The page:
If you switch Implicit mapping to true, the elements (e.g. salary) will be automatically mapped onto fields of the same name (salary) and you do not have to write:

    <Mapping xpath="salary" cloverField="salary"/>

    and you map explicitly only to populate fields with data from distinct elements.

  4. JavaBeanReader Context Tags and Mapping Tags

  5. JavaBeanReader Context Tag and Mapping Tag Attributes

    1) JavaBeanReader Context Tag Attributes

    • xpath

      Required

      The xpath expression can be any XPath query.

      Example: xpath="/tagA/.../tagJ"

    • outPort

      Optional

      The number of output port to which data is sent. If not defined, no data from this level of Mapping is sent out using such level of Mapping.

      Example: outPort="2"

    • parentKey

      Both parentKey and generatedKey must be specified.

      A sequence of metadata fields on the next parent level separated by a semicolon, colon, or pipe. The number and data types of all these fields must be the same in the generatedKey attribute or all values are concatenated to create a unique string value. In such a case, the key has only one field.

      Example: parentKey="first_name;last_name"

      Equal values of these attributes assure that such records can be joined in the future.

    • generatedKey

      Both parentKey and generatedKey must be specified.

      A sequence of metadata fields on the specified level separated by a semicolon, colon, or pipe. The number and data types of all these fields must be the same in the parentKey attribute or all values are concatenated to create a unique string value. In such a case, the key has only one field.

      Example: generatedKey="f_name;l_name"

      Equal values of these attributes assure that such records can be joined in the future.

    • sequenceId

      When a pair of parentKey and generatedKey does not insure unique identification of records, a sequence can be defined and used.

      Id of the sequence.

      Example: sequenceId="Sequence0"

    • sequenceField

      When a pair of parentKey and generatedKey does not insure unique identification of records, a sequence can be defined and used.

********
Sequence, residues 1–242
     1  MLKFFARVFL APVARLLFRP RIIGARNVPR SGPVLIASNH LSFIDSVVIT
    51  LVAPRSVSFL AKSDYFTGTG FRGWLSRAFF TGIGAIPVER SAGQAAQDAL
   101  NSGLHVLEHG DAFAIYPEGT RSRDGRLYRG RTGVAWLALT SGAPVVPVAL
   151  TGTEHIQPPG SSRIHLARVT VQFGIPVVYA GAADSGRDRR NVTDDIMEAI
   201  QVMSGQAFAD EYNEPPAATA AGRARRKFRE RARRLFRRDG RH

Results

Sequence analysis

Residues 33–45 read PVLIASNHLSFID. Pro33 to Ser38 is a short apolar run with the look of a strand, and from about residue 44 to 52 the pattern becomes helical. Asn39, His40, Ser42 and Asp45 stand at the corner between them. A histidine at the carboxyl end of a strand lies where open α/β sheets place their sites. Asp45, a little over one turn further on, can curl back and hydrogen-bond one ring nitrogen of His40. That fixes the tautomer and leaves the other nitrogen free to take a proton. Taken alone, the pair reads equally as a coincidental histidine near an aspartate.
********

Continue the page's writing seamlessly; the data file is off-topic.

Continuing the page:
A metadata field on the specified level in which the sequence values are written. Can serve as parentKey for the next nested level.

      Example: sequenceField="sequenceKey"

    2) JavaBeanReader Mapping Tag Attributes

    • xpath

      Either xpath or nodeName must be specified in the <Mapping> tag.

      XPath query.

      Example: xpath="tagA/.../salary"

    • nodeName

      Either xpath or nodeName must be specified in the <Mapping> tag. Using nodeName is faster than using xpath.

      The JavaBeans node that should be mapped to Clover field.

      Example: nodeName="salary"

    • cloverField

      Required

      Clover field to which the JavaBeans node should be mapped.

      The name of the field in the corresponding level.

      Example: cloverFields="SALARY"

Reading Multivalue Fields

As of CloverDX 3.3, reading multivalue fields is supported - you can read only lists, however (see Multivalue Fields).

[Note]Note

Reading maps is handled as reading pure string (for all data types as map's values).

Example 55.6. Reading lists with JavaBeanReader

An example input file containing a list of three elements: John, Vicky, Brian

can be read back by the component with this mapping:

<Mapping xpath="attendees" cloverField="attendanceList"/>

where attendanceList is a field of your metadata. The metadata has to be assigned to the component's output edge. After you run the graph, the field will get populated by data like this (what appears in View data):

[John,Vicky,Brian]


Data conversions in JavaBeanReader

The possible conversions of Java data types to CTL2 data types are described in the following table.

The list in the table means a list of corresponding data type.

Table 55.6. Java data type to CTL2 data type conversion

Java data typesCTL2 data types
Numeric data typesbooleandatebytecbyteStringlistmap
integerlongnumber (double)decimal
int
yes
yes
yes
yes
-
no
--
yes
yes
no
long-
yes
yes
--
yes
--
yes
no
no
float--
yes
-
no
no
--
yes
yes
no
double--
yes
-
no
no
--
yes
yes
no
boolean
yes
yes
yes
no
yes
no
--
yes
yes
no
java.util.Date
no
yes
no
no
no
yes
--
yes
yes
no
String-----
no
--
yes
yes
no
array []-----
no
----
no
java.util.Collection-----
no
---
yes
no

Conversions are explained below:

Java int to CTL2 boolean

Value 0 is converted to false, 1 is converted to true. If Java int contains other value, the graph fails.